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Minnesota State Park Land Returns to Dakota Tribe

Minnesota State Park Land Returns to Dakota Tribe

Minnesota has given land back to the Dakota people, marking the first time in U.S. history that a national park will be transferred to a tribal nation.

In a rare move, Minnesota is transferring state park land back to an Indigenous tribe to make amends for the mass hanging of their people.

The Upper Sioux Agency State Park is located in southwestern Minnesota around two and a half hours from the Twin Cities. The park itself spans more than 2 square miles and holds the ruins of an Annuity Center, where supplies were withheld from Dakota people during the Dakota War of 1862.

The war was a result of decades of tension between settlers and a faction of the Dakota people boiling over, according to the Minnesota Historical Society, which began when the U.S. government moved the tribe from their homeland of Mni Sota Makoce to a reservation on either side of the Minnesota River.

The Dakota forces faced defeat at the Battle of Wood Lake, after which the United States nullified its treaties with the tribe, dissolved the reservations given to them, and publicly executed 38 Dakota men in Mankato — 110 miles from the state park — at the largest mass-hanging in the nation's history.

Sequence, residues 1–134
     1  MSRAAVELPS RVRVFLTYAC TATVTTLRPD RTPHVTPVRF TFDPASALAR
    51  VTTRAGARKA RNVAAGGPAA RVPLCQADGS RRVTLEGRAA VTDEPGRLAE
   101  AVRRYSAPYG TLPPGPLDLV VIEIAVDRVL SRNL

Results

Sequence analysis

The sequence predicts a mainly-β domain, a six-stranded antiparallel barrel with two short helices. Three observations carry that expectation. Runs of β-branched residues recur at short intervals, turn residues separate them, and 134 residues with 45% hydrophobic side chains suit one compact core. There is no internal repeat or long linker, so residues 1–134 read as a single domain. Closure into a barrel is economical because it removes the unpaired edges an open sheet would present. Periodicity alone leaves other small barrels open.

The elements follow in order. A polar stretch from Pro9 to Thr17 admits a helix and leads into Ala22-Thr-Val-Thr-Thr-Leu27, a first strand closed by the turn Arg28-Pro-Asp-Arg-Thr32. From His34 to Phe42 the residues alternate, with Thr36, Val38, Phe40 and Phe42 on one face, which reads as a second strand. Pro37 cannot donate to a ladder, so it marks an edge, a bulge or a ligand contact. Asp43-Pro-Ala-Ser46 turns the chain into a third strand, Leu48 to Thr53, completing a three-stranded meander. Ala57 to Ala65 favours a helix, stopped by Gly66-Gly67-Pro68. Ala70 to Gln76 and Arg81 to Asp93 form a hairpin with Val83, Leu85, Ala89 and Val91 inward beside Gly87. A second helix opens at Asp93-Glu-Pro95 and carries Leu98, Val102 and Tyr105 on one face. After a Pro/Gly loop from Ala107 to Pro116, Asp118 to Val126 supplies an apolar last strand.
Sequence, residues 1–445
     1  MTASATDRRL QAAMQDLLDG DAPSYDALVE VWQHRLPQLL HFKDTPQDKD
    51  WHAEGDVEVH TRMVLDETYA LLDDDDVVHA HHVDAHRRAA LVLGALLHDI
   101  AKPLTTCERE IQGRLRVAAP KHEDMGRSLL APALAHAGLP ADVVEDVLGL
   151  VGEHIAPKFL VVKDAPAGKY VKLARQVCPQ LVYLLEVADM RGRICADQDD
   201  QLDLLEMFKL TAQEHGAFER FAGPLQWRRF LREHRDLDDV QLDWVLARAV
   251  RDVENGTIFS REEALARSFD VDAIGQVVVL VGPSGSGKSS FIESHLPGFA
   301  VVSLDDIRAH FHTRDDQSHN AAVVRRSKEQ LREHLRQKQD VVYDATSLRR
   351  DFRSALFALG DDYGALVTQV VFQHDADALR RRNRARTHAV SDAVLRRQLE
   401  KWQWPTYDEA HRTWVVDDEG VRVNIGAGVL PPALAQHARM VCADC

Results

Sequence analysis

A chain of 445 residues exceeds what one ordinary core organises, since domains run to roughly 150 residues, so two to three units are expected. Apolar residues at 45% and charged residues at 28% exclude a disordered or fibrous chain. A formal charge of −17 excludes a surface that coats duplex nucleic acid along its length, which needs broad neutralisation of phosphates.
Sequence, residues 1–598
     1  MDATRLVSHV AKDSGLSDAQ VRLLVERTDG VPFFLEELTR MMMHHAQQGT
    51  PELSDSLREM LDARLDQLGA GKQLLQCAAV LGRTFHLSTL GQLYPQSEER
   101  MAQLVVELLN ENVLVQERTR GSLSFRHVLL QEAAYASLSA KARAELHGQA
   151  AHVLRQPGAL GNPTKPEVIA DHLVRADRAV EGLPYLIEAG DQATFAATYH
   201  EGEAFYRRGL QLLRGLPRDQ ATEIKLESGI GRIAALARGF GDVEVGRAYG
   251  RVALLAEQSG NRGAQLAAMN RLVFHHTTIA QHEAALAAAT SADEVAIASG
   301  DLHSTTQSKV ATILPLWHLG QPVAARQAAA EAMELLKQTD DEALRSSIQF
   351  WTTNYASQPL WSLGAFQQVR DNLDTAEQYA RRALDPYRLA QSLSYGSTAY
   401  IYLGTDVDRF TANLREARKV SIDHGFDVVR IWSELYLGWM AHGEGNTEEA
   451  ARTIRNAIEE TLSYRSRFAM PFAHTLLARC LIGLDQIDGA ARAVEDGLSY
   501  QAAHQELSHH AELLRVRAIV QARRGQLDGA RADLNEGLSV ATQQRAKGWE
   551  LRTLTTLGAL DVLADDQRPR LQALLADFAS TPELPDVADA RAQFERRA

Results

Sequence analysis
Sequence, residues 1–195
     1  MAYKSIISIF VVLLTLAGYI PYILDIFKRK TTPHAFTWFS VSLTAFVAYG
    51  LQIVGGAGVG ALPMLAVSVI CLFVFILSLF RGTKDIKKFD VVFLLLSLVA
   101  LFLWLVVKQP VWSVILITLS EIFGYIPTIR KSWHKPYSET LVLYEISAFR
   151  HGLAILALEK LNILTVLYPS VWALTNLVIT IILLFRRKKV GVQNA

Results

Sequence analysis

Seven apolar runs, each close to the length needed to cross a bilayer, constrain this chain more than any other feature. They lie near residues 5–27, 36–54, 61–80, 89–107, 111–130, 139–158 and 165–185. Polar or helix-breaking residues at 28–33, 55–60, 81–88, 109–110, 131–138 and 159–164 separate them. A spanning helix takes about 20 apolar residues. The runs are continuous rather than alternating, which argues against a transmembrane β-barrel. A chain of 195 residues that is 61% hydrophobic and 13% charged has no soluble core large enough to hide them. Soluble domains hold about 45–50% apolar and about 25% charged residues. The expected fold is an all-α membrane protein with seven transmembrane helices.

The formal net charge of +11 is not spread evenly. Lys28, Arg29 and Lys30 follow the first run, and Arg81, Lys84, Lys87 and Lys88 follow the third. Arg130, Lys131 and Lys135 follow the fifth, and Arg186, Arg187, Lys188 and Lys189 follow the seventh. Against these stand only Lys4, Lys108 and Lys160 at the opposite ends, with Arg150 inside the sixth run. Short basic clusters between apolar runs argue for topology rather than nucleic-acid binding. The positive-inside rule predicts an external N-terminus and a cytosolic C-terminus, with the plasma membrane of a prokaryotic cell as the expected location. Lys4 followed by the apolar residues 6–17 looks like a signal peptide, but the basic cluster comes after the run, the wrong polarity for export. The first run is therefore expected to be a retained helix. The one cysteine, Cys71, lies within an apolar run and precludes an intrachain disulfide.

The transfer of land back to the tribe seeks to make reparations for the broken treaties and executions, and was finally authorized this year when Democrats took control of the Governor’s office, state House of Representatives, and state Senate.

This is the first time a national park will be transferred to a tribal nation, though there are some parks which are co-managed by tribes, such as the Canyon de Chelly National Monument in Arizona, Glacier Bay National Park and Preserve in Southeast Alaska, Grand Portage National Monument in northern Minnesota, and Big Cypress National Preserve in Florida, according to the U.S. Department of the Interior.

Over $6 million has been allocated to facilitate the transfer by 2033 including paying for appraisals, purchasing land with recreational opportunities, and demolishing roads and bridges.

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